Employees gain a significant level of comfort with wellness programs when they understand that their participation is completely voluntary, that they won’t be judged for good or ill based on whether they choose to participate, and no one is watching over them to ensure that their health improves due to participation.
This federal study will compromise the painstakingly developed reinforcement of employees’ privacy in these regards and could well have a chilling effect on their desire to participate in their employer’s program, even if they have been participating previously. The downside to this is obvious and multi-faceted. The employees will lose the benefit of their participation in a wellness program, regardless of how marginal that benefit may have been. The employer will lose the benefit of that employee’s participation in the program. And the study will be skewed by the employees who prefer less intrusion into their healthcare specifics being under-represented in the demographic studied. This does not bode well for a statistically sound result from the study. Concerns about the erosion of employees’ privacy were voiced frequently prior to the passage of the Act. Reconciling those concerns with the required metrics and analysis seems a nearly impossible task.
By contrast, the community-based programs sponsored by the Prevent and Public Health Fund do not specify metrics to be gathered from subject individuals. The pertinent subsection of Title IV, Section 4003 indicates that the Community Preventive Services Task Force has the duty to assess, every five years, “…the health effects of interventions, including health impact assessment and population health modeling…”
Between the kinder, gentler evaluation of community-based programs, and the extraordinary disparity in funding, it’s not hard to imagine that workplace wellness programs will quickly be eclipsed by their community-based counterparts.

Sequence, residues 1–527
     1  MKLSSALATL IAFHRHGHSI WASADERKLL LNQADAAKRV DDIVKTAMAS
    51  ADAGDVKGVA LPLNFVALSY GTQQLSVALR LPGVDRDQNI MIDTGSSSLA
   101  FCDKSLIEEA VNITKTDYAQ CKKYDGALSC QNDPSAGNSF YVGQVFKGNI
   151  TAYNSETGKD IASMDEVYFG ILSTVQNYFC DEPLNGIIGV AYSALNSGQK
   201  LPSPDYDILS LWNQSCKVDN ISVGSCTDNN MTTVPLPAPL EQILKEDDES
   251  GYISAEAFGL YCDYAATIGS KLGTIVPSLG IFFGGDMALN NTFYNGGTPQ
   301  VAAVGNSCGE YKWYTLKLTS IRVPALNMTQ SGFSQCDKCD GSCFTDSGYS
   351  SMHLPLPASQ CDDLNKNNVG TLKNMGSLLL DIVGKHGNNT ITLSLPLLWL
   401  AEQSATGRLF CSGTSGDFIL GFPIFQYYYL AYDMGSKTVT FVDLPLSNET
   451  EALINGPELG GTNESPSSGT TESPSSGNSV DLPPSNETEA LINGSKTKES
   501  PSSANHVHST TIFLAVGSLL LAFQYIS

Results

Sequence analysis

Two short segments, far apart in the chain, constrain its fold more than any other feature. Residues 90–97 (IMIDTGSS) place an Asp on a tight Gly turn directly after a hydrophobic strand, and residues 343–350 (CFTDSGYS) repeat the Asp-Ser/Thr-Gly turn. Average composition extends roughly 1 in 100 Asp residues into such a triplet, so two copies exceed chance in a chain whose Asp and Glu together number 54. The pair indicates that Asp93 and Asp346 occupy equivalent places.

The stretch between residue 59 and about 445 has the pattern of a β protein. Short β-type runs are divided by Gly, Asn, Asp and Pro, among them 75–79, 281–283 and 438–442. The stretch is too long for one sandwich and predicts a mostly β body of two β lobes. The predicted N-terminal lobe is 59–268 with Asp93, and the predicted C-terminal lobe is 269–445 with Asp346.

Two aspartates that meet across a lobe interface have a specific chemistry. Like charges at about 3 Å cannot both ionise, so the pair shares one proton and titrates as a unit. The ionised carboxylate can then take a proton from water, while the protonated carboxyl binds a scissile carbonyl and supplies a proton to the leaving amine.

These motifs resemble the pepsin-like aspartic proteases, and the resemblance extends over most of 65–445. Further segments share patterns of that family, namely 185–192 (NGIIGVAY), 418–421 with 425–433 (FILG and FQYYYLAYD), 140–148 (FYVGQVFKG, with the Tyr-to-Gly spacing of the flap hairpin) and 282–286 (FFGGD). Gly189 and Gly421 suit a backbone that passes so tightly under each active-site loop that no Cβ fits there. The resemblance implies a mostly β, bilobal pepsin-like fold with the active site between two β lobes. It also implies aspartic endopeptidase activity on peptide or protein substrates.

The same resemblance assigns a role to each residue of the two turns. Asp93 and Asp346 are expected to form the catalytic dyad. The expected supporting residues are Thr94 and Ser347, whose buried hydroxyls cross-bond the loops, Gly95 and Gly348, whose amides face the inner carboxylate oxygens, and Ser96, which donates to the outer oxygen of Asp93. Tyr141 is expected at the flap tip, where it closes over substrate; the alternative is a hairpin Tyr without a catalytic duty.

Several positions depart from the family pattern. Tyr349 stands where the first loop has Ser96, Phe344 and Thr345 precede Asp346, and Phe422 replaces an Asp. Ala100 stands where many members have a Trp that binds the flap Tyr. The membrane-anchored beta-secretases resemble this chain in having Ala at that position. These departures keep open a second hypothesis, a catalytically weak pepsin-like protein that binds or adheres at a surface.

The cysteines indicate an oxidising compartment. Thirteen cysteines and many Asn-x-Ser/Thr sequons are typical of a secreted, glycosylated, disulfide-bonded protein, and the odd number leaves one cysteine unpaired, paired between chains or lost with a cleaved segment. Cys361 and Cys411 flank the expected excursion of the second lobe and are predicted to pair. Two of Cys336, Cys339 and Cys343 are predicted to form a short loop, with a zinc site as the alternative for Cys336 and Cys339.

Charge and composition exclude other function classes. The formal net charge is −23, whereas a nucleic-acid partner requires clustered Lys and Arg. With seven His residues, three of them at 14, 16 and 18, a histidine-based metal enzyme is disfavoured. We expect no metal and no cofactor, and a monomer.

For those employers that participate in PPACA-established state insurance exchanges, wellness programs may net no benefit related to insurance costs. The state insurance exchanges are allowed to utilize only very limited criteria in establishing their premium rates. Participation in wellness programs does not appear to be an authorized criterion at this time. The criteria could be subject to change, as the exchanges are not yet active, and many rules, regulations, procedures and details have yet to be formulated and promulgated.
Overall, the impact of the PPACA upon the implementation and continued use of workplace wellness programs appears to be a mixed bag. The Act is generally supportive of wellness programs, encouraging and supporting them in the workplace, the community, and for persons insured by individual plans. But the Act also brings unique pressures to bear upon wellness programs in the workplace by requiring intrusive metrics for federal analysis and creating and significantly funding competing programs.
About the Author
Greg Justice, MA owner of AYC Health & Fitness, Kansas City’s Original Personal Training Center and founder of Corporate Boot Camp System has been actively involved in the fitness industry since the early ‘80s. His growing network of Trainers spans 9 countries, 45 states, and 6 Canadian Provinces, helping fill the gap in corporate wellness with on-site workplace exercise programs. Speaker, author, and coach, Greg can be reached at firstname.lastname@example.org.